Yield: 1 servings
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From : Earl Shelsby, Mon 13 Feb 95 00:00, Area: COOKING Here are some special hints for the processing of salmon. Never remove the skin from salmon. Leave it on, whether the fish is processed whole, in halves, or in smaller cuts.
For salmon, the blackstrap molasses variant of the Basic fish Brine gives particularly tasty results. Another delicious variant is to cut short the brining period by half an hour, and then marinate the fish in soy sauce for 30 minutes before drying and smoking. It is easy to produce what is sold commercially as Kippered Salmon. This is made exactly the same way as ordinary smoked salmon except that after brining it is colored with a harmless dye, to give it the attractive reddish color. Some people put the dye in the brine; but then that batch of brine is spoiled for regular use. It is more economical to use in spearate dye bath. Kipper coloring is sold under various trade names, but the actual coloring ingredient is usually 150 Orange I, a dye approved under the U.S. Federal Food and Drug Cosmetic Act. Half an ounce of the dye mixed with 2-½ U.S. gallons of water (2-⅛ Imperial gallons) makes a suitable strength. Dip the fish for 15 to 30 seconds, according to the depth of color desired. Ordinary food coloring may be used instead, but it does not give such a rich color.
BASIC FISH BRINE: This brine is far superior to a straight salt solution and is recommended for use with fish, oysters, clams, shrimps and prawns. 4 U.S. gal water 5 lbs salt (8 cups) 1 lb dark brown sugar 1-½ cup lemon juice 2 tbs liquid garlic 2 tbs liquid onion Disolve the salt first, then add the other ingredients and mix thoroughly. Test the brine with a potato or egg; the salinometer should read 80. To be precise, of course, the salinometer is not now measuring the salt content of the brine, but shows the combined density change produced by all the flavoring ingredients. Concerning the Basic Fish Brine, here are some suggestions: If liquid garlic and liquid onion are not available, garlic and onion powder may be substituted, although they do not readily disolve in water. Alternatively, garlic cloves and onions may be crushed, but peel them first. To peel garlic easily, cut off the ends of the clove, put it on the cutting board and press with the side of a wide knife; the skin will pop off. The garlic or onion may then be crushed with a garlic press. Or, if no press is available, place the garlic or onion in a folded piece of aluminum foil or wax paper, and crush with a wide knife or piece of wood. If a stronger flavor is desired, add a little tabasco sauce to the brine. Dill may be added to the brine, for those who like it. Two tablespoons of dill salt will be about right. Alternatively, crushed of broken dill plants may be put in the brine, as they are put into dill pickles.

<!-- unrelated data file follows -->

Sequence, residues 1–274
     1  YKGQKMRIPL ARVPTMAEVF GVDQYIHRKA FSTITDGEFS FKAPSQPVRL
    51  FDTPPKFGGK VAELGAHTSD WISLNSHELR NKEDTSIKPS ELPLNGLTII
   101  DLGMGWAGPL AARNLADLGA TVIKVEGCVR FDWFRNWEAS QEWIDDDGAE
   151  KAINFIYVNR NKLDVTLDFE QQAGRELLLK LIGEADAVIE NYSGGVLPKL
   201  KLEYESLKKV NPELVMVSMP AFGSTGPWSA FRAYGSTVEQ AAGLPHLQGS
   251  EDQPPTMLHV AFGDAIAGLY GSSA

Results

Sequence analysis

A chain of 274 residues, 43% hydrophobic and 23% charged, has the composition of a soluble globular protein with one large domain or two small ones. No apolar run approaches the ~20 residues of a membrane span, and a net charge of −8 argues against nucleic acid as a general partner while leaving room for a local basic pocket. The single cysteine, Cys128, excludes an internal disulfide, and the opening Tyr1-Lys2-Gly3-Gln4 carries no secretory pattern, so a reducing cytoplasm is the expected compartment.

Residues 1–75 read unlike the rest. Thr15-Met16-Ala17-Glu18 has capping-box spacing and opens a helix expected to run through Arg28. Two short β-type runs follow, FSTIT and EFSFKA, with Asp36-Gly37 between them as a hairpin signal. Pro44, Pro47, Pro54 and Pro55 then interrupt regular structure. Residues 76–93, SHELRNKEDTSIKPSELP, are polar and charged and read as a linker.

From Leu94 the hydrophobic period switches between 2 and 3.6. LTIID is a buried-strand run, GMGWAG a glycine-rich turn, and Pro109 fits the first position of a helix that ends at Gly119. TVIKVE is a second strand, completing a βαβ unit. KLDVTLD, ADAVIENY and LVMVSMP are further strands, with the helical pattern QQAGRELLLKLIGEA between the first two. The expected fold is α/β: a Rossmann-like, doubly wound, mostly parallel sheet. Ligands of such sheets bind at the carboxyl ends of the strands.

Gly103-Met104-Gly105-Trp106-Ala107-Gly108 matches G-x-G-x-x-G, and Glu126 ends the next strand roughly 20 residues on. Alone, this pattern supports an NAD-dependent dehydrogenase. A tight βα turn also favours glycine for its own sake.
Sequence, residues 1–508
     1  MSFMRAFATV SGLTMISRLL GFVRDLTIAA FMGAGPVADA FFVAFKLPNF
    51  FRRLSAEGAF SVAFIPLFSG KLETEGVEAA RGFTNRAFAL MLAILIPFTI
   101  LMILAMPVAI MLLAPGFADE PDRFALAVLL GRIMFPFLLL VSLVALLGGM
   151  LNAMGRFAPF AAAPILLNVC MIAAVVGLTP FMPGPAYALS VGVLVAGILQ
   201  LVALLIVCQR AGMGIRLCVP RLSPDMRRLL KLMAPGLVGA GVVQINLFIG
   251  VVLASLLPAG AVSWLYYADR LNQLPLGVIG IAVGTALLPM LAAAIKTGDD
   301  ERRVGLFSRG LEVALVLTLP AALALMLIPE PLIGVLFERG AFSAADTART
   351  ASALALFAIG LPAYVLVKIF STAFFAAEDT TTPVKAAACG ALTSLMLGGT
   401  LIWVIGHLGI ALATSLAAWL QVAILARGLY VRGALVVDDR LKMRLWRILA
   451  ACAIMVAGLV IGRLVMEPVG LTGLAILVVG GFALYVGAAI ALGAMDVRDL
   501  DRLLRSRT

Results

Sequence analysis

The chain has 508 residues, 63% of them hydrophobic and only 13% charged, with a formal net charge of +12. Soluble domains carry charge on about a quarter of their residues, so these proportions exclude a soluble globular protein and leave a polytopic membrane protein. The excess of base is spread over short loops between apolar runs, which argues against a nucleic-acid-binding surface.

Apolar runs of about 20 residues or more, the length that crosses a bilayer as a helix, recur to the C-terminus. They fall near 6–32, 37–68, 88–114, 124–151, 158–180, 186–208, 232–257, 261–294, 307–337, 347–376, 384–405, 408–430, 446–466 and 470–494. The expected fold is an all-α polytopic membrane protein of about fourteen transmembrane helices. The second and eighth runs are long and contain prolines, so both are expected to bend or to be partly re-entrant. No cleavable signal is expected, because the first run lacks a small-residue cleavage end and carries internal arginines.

The dill-flavored brine is particularly good for making smoked or kippered salmon. For a subtle variation of flavor, honey or blackstrap molasses may be substituted for the brown sugar.
Submitted By SALLIE KREBS On 07-29-95